Just like any investor they want the best return on investment and under the old ACES plan Alaska wasn't the best return.
    Eagleford in Texas and the Bakken in the Dakotas certainly returned more money on the dollar as did other oilfields world wide.
    If the Sonar counter is indeed wrong then we need to get the system fixed somehow. Or get a backup system that we can compare numbers too.
    But that costs money. Money the state may or may not have.
    But if we expect Tourism to take the place of oil as Alaskas source of income then we need to start taxing the tourists to pay for things like this sonar.
    Maybe a bed tax is the answer as long as the money pays for essential equipment/services and not tourism marketing.
    maybe another increase in the Non Resident fishing/hunting licenses?
    Maybe a tax like commercial fishermen pay on the commercial fishing guides to help fund fisheries management?
    Maybe some other form of state tax that these tourists pay to help the state manage more of its resources?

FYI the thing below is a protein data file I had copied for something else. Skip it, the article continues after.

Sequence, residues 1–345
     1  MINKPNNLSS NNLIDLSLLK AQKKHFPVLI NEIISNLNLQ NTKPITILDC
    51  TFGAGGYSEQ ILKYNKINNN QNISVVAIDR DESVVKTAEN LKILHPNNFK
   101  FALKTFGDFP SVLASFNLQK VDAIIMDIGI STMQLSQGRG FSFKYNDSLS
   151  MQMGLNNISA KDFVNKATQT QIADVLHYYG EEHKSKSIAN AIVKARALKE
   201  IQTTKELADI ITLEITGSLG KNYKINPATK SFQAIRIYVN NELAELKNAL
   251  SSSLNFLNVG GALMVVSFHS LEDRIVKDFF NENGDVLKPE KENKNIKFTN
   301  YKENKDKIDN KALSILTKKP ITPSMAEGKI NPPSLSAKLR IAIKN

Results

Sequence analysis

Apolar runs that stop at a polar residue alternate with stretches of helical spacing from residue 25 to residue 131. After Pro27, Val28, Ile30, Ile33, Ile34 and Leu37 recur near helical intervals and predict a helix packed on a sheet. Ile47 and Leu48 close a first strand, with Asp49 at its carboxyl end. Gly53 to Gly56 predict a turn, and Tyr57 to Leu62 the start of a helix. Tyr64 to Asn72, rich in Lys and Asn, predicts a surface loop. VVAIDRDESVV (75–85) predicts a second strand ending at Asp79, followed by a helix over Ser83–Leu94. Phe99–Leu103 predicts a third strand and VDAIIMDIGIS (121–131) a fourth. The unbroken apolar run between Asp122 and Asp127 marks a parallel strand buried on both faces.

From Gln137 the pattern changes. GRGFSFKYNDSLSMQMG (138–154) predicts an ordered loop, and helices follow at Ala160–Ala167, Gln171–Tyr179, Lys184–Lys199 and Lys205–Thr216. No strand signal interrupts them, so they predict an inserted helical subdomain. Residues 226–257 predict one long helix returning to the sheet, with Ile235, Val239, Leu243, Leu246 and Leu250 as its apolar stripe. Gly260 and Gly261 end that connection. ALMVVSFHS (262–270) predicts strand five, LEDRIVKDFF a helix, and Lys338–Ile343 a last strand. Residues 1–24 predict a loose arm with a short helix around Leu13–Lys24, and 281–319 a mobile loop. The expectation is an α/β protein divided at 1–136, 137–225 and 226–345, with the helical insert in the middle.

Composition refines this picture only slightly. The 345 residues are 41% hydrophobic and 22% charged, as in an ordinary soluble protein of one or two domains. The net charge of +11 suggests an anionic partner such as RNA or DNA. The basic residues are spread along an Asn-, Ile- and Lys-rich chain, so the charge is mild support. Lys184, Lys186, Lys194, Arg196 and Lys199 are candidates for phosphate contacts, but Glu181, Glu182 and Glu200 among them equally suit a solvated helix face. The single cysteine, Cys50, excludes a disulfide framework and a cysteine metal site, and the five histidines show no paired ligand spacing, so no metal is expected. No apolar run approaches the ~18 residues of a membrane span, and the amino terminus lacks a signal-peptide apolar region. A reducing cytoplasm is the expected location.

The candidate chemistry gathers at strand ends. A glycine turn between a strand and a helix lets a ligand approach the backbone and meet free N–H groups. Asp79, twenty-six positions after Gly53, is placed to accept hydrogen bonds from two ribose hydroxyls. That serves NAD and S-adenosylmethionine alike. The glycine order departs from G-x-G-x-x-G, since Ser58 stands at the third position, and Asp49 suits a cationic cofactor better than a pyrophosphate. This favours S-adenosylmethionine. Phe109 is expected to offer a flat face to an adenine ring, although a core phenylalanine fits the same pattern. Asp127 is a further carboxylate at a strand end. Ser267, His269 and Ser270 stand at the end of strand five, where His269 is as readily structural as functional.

Tourism puts lots of $$$ in our economy but a mere drop in the ocean when you look at what they pay for funding state goverment and it's programs versus what oil revenue pays.
    It's time some other groups step up to the plate to help pay for essential services in this state.
    "The closer I get to nature the farther I am from idiots"

    "Fishing and Hunting are only an addiction if you're trying to quit"

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    I do not have time to respond to the misconceptions and lack of understanding of the counting system and how it works. I will try to do it in the morning but kpgr you just missed the boat on this one. There are all types of checks and balances in past counts and this year ADF&G noted the issue when it showed up and took action.